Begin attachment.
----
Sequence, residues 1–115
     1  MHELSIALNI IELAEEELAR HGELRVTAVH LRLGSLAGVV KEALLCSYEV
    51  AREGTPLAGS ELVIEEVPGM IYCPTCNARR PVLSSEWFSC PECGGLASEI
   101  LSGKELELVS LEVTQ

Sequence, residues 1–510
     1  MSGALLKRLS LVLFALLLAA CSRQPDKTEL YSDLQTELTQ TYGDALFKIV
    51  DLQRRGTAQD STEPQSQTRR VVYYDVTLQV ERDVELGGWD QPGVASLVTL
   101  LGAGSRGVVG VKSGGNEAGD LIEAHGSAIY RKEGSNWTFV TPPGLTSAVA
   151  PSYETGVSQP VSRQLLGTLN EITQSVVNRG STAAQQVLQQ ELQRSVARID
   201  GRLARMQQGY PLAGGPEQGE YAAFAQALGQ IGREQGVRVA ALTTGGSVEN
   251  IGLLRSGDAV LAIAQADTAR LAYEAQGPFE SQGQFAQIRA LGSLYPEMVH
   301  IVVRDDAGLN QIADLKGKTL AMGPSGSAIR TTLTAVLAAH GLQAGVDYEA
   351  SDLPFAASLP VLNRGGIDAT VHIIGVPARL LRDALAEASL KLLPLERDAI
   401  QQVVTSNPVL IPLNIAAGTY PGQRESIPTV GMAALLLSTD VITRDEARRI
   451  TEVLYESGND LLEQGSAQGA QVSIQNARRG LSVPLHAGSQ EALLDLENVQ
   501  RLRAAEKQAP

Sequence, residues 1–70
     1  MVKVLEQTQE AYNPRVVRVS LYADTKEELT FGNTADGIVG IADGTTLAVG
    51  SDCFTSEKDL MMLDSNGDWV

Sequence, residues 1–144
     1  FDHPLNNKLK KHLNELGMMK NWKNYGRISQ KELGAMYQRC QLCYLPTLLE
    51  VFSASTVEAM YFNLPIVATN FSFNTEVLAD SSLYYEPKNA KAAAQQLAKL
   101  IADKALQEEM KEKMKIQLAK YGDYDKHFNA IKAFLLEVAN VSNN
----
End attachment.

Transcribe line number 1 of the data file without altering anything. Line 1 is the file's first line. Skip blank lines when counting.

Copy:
Sequence, residues 1–115